Found Deceased CA - Paul Miller, 51, Canadian, Joshua Tree Natl Park, San Bernardino Co., 13 Jul 2018 #3

Discussion in 'Located Persons Discussion' started by cybervampira, Jul 16, 2018.

  1. j_in_c

    j_in_c Well-Known Member

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    I see what you are saying about the branches possibly being "arranged" but it is hard to determine if it is intentional or where the tumbleweed are trapped by the rocks when the wind blows.

    Thanks for sharing your finds and for getting out there to look for Paul!
     
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  2. zecats

    zecats Well-Known Member

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    There was a witness who saw him on the trail..corroborated by his sister who spoke to the witness. There was also a dog who tracked Paul's scent to the Oasis and had to stop because of burned paws...also corroborated by his sister. I'm not sure how much more evidence you need.
     
  3. 10ofRods

    10ofRods Verified Anthropologist

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    I carry a pocket knife almost everywhere. It has come in handy several times (not in the desert, but still). My husband carries a pocket knife everywhere too. I have a buck knife in the car. This is just training from our childhoods, but we only give them up when we get on airplanes, ha.

    I use mine to open things all the time. The tweezers would come in handy if I encountered pokey plants though (and we've used it to pry out yucca barbs at Grand Canyon). If I had to make a makeshift splint (and someone did break a leg on a hike I was on...fortunately real medics could be called), I'd be able to do it in most places.

    Obviously, if a person can go completely missing in 2 hours, a lot of things can happen.
     
  4. musicaljoke

    musicaljoke Well-Known Member

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    Stunning pictures! Thanks for sharing. It makes one see how difficult it is to find human remains. I'm not sure if the sticks were placed there by human hands, or if they got there by natural means. How does one even begin to check down in the ravines, under piles of sticks?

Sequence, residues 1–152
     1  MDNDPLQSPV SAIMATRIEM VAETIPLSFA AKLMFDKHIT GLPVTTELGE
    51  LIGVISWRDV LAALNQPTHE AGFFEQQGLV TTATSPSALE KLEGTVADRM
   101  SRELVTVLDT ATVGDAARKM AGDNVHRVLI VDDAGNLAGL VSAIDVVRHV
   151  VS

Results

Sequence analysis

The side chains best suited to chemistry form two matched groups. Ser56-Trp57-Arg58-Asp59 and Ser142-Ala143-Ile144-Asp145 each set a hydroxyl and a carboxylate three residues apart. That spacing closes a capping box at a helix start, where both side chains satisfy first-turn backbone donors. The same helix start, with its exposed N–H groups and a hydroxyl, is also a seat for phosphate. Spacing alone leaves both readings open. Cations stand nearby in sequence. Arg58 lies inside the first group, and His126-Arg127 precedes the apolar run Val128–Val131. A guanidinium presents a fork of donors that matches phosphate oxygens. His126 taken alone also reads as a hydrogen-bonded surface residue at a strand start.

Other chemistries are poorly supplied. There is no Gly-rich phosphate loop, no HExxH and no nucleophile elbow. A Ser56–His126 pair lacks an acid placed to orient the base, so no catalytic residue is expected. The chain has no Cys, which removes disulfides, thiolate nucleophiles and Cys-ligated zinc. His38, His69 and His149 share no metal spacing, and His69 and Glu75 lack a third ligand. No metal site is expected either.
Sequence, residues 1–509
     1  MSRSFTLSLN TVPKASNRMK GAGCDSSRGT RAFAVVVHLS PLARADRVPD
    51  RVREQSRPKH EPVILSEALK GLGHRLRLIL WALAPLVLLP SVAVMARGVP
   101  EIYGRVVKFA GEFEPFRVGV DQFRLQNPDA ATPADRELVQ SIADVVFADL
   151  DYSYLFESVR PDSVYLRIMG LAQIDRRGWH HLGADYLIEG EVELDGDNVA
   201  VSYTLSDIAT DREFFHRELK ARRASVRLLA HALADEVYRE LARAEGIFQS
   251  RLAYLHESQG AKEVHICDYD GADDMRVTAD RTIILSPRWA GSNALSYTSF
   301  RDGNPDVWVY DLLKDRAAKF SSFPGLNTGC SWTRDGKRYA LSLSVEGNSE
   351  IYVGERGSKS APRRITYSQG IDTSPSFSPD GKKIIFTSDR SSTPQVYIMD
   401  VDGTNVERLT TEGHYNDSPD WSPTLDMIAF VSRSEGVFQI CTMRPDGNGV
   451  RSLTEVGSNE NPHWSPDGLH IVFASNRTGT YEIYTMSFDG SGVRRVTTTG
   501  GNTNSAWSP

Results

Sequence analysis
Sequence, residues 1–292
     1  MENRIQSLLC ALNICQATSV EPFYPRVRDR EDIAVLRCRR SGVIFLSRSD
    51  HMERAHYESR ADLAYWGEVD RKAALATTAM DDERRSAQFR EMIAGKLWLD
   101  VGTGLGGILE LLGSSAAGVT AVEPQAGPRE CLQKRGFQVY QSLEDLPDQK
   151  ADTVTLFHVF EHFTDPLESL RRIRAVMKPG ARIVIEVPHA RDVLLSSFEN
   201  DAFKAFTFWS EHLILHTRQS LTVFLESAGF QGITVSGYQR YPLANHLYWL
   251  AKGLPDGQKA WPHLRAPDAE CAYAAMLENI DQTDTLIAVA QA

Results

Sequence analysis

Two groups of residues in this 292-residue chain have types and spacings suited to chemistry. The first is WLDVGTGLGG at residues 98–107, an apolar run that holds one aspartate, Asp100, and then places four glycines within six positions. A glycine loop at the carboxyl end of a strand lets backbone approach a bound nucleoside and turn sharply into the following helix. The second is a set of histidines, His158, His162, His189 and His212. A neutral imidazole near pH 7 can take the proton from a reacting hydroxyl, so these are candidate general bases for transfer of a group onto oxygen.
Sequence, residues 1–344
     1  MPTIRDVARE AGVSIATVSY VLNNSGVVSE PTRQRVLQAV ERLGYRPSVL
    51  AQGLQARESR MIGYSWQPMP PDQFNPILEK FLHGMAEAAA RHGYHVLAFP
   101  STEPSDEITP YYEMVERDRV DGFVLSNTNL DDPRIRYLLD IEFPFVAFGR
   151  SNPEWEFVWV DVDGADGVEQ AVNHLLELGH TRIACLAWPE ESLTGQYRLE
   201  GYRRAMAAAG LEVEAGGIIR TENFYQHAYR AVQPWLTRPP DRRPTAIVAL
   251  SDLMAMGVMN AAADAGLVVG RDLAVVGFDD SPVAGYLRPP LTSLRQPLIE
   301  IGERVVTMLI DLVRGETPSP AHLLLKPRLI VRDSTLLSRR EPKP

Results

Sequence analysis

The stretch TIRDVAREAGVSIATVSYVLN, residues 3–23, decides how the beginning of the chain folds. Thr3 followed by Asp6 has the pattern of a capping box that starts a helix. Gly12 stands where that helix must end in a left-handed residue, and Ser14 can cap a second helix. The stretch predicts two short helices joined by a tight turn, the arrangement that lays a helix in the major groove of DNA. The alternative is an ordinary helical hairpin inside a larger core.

.
     
  5. rosesfromangels

    rosesfromangels Amateur speculations and opinion only

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    Finding remains outdoors is a daunting task. It is one of these crevices between the boulders where I hypothesize he will be found. Look up from under the boulders. Look carefully, time will have made the remains harder to spot. : (

    amateur opinion and speculation
     
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  6. AzPistonsGirl

    AzPistonsGirl Well-Known Member

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    The bunch of sticks in the photo look to me like they were blown there. I see stacks of sticks like that hiking sometimes. The brown stuff looks like excrement. IMO.

    I believed Neil and what he recalled seeing. I want to say this delicately: just because he knows what he saw does not make it Paul. We can't prove this 100% IMO.

    So, me too. I am also open to the idea that Paul did not hike that day.

    Sounds like we've got most angles covered in here so between all of us, we're bound to come up with something at some point. Bottom line is we all want to know what happened to Paul that day. I'm glad that it has never been about being right in this thread, just about searching for Paul.
     
  7. 10ofRods

    10ofRods Verified Anthropologist

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    I think the rocks and sticks look natural. I think the black stuff is animal scat (or maybe vomit, but probably scat). I think I can see some nut-like (pinon?) stuff in it.

    How small is "small" for the skull? Because it's roughly the shape of a cat's skull (if small, maybe bobcat? Immature cougar?) Here's a pic of a mountain lion/cougar skull:

    https://images.hideandfur.com/inventory/51419963.jpg

    A view of teeth would be helpful.

    Last time we were in JT, we saw mountain lion scat (put down in smaller piles than this, but very similar), also tracks. We were near a pretty famous feature, late in the day. There were a few other hikers (including a family with a 3 year old, which was nerve wracking to watch). The scat had rodent bones in it, from what I could tell.

    Anyway, this seems to show that big cats have been out there, although what the skull is doing there without other bones, I don't know - it would probably be because the body was scavenged and other bones were washed away.

    At this point, if there's a human body out there, the scenario would be similar (smaller bones would be gone, rodents would take them, etc). Skulls would be heavier and less likely to wash away.

    Looking in drainages, at any rate, seems the thing to do at this point.

    How tall was Paul?
     
  8. 10ofRods

    10ofRods Verified Anthropologist

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    I agree. The small bones that might wash out into the drainage/footpath area will be quickly collected by rodents. Other bones may be trapped in rocks. I think this happens more than we realize in wilderness missing person cases.